During the conservation work, unique wall paintings were discovered, both on the staircase and on the walls of the dining room, and most recently during the restoration of the bedroom over the kitchen.
Painstakingly restored by experts, these unique striped wall paintings enhance this visitor attraction, one which features in Simon Jenkins’s book England’s Thousand Best Houses.
Earlier years have seen refurbishment of the shop, main staircase, cellars, grand panelled room, dining room and Thomas Bayly’s study, but more recently the trust has been able to afford to carry out work on the servant’s garrets, the kitchen chamber, and repairs to the servant’s staircase, as well as purchasing a 17th century dining table and other appropriate furnishings.
More restoration work is planned as and when funds become available.
The trust relies on more than one hundred volunteers to keep The Merchant’s House running smoothly. In total, they donate 240 hours of voluntary effort each week, serving in the shop, giving conducted tours of the house, organising events, costume making, working on the turkeywork dining chairs project, restoration work and maintenance in the garden.
The trust houses a comprehensive library specialising in local history, 17th century history, craftsmanship history and a growing archive of items relating to Marlborough over the centuries.
Many volunteers are also Friends of The Merchant’s House. The ‘Friends’ is a large and committed group, around 400 strong, which supports the work of the trust and in return receives membership benefits.
Behind the house, a 17th century style garden has been constructed. The design, construction and planting have been carefully researched, so that the garden is as accurate as possible to the style of a formal yet utilitarian town-house garden which would have existed in the mid to late 17th century, belonging to a Puritan family.
Sir John says: “ The project continues to challenge and enthuse everyone involved in it as well as our visitors. We enter 2011 with optimism and in good shape but local support remains vital.
“Not only are we restoring and furnishing the building to an exceptional standard, but the many ways in which we use the house are playing a major part in enhancing the cultural and educational life of the town, and making it a must-visit tourist attraction”.
The Merchant’s House and the garden is now open to visitors until the end of October on Tuesdays, Fridays and Saturdays from 11am-4pm. Entrance is £5 for adults. Under 16s £1. Or why not visit the house on its free open day -- on Saturday 21 May.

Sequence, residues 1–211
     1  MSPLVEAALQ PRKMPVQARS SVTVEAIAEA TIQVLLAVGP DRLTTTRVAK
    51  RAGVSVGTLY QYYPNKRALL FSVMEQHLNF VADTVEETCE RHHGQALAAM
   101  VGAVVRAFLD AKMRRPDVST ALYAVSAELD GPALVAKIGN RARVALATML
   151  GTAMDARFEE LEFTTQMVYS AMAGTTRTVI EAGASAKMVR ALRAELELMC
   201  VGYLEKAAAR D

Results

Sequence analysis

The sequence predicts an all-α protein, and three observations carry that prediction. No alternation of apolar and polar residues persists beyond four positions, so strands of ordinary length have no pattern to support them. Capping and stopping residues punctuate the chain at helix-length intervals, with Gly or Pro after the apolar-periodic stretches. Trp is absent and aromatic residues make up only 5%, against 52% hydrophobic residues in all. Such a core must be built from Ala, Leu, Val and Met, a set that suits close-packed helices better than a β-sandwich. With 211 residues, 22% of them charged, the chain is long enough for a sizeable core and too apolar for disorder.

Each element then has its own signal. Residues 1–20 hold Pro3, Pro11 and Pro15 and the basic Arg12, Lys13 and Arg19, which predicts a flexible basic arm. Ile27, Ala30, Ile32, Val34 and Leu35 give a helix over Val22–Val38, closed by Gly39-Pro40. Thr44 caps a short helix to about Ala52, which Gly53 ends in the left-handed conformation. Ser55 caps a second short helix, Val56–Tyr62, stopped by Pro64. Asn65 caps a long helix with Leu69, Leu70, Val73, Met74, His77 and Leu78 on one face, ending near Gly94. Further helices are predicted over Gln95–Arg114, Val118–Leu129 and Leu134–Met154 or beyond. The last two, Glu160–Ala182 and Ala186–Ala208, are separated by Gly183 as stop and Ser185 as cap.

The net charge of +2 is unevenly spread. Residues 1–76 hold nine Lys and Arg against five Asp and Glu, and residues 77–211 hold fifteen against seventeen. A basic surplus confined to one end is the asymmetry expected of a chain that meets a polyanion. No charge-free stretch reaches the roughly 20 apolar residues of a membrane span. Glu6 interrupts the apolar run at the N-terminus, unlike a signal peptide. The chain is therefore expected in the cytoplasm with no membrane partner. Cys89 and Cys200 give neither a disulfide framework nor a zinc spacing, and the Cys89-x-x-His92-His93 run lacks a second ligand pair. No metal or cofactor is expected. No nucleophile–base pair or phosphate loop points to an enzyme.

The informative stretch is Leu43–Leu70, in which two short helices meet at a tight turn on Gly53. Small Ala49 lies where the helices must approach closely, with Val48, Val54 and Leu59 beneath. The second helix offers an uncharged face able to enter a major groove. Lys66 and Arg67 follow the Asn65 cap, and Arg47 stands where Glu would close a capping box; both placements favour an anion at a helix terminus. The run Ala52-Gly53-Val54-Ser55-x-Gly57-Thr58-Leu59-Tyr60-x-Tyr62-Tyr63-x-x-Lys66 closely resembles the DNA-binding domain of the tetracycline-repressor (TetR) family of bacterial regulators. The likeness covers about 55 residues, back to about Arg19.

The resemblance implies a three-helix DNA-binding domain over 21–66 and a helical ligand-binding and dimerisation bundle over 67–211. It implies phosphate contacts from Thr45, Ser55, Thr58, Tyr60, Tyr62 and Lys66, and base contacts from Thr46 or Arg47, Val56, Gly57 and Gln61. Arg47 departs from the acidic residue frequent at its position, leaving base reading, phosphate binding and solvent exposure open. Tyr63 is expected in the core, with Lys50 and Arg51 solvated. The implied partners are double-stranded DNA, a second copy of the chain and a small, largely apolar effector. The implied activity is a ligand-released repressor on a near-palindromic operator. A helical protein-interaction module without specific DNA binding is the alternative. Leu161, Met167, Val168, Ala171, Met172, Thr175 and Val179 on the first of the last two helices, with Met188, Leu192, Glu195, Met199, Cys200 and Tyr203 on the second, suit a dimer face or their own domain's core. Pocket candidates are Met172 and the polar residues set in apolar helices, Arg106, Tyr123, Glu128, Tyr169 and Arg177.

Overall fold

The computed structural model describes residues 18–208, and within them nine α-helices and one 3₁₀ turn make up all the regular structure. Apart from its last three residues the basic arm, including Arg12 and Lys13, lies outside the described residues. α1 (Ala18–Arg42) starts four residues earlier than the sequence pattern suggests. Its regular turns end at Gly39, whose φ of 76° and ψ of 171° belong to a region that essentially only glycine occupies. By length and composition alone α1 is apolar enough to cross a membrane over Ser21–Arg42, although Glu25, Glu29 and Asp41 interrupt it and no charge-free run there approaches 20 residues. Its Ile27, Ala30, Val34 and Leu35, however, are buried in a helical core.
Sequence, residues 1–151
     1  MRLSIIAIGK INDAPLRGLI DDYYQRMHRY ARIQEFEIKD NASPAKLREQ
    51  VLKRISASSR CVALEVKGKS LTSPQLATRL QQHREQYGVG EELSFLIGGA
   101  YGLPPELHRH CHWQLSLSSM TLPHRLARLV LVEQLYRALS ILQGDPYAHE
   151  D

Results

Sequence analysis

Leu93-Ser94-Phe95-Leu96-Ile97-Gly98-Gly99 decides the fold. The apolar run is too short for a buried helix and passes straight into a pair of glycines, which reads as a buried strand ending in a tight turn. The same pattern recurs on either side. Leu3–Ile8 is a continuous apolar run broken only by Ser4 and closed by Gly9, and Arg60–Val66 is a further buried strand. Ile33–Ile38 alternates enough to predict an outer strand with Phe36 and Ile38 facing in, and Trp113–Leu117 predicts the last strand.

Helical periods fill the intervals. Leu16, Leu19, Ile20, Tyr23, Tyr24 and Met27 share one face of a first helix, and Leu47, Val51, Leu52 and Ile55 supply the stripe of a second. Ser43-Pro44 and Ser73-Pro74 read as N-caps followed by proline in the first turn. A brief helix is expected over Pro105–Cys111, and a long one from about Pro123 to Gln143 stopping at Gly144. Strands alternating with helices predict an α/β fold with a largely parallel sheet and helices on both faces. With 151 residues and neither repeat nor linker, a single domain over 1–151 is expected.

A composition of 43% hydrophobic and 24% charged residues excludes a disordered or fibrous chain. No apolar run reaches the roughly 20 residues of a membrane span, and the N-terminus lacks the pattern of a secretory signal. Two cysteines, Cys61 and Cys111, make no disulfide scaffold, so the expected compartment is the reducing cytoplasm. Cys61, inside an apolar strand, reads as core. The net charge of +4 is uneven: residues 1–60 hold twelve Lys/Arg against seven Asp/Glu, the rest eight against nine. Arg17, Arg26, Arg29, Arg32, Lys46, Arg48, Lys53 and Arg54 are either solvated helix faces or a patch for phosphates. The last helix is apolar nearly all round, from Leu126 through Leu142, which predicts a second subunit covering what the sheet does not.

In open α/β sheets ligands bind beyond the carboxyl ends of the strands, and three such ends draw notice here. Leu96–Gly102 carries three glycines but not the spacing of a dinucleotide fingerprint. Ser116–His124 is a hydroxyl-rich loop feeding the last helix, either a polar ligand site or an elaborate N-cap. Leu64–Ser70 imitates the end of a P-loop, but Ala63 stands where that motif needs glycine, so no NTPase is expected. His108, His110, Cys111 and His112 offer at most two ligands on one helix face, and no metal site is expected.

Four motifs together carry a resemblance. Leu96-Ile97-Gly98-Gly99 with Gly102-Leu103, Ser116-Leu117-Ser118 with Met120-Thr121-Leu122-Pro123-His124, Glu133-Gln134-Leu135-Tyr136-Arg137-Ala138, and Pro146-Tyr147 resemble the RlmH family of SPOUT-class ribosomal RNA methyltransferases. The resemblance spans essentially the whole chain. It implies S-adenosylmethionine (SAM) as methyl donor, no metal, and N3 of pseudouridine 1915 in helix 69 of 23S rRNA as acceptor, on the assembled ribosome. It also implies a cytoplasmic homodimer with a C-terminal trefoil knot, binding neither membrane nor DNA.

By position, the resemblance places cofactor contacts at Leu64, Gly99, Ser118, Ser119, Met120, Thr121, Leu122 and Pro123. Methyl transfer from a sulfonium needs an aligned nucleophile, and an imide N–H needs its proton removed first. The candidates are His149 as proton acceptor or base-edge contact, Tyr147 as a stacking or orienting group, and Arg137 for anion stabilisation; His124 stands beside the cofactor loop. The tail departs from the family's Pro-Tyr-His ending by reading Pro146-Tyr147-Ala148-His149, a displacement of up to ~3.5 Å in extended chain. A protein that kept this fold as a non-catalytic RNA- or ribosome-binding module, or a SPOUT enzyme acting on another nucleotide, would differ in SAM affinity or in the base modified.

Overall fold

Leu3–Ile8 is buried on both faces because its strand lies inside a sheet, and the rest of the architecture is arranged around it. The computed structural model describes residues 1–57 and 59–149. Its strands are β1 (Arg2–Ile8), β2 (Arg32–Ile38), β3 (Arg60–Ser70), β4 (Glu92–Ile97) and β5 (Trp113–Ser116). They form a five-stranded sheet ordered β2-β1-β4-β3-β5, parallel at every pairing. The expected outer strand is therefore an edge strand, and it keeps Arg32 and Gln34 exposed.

More information on our web site www.themerchantshouse.co.uk
In days gone by the word ‘local’ had either a positive meaning – as in ‘pub’ – or a negative meaning – as in the anaesthetic you’d rather not have. Now it’s become another ‘ism’.
Localism is the cornerstone of the coalition government’s decentralisation policies and it’s the name of a parliamentary Bill (all 400 and more pages of it) that’ll become law by the end of the year.
As with many ‘isms’, localism has been more rhetoric than reality, so it was to explain what the Localism Bill will mean for the Marlborough Community Area that two senior Wiltshire Council officers brought their road show to the Town Hall last week for a seminar chaired by councillor Nick Fogg.
Broadly speaking the Bill will bring new freedoms to local government, give local communities new powers and local people more of a say, and change the way new housing is planned.
Steve Milton, the council’s head of community governance, explained how the new policy would give communities the right to buy their local pub or shop if it closed and might become a private house. And a community will be able to take over some services – litter picking for instance – from the authority higher up the chain of command.
One example that has already happened is Pewsey taking over its car parks. But that was pretty simple because the parking was free. When Marlborough Council tries to take over the town’s paid-for parking from Wiltshire Council it will get very complex indeed. Unpicking the intricate web of unitary, town and parish councils is not a simple matter.
Wiltshire Council are taking this policy very seriously. Over the next four years they have committed £3.2 million more to the area boards, in addition to the £10 million already allocated. But the full details of how the policy will be implemented won’t be clear until the Bill becomes law.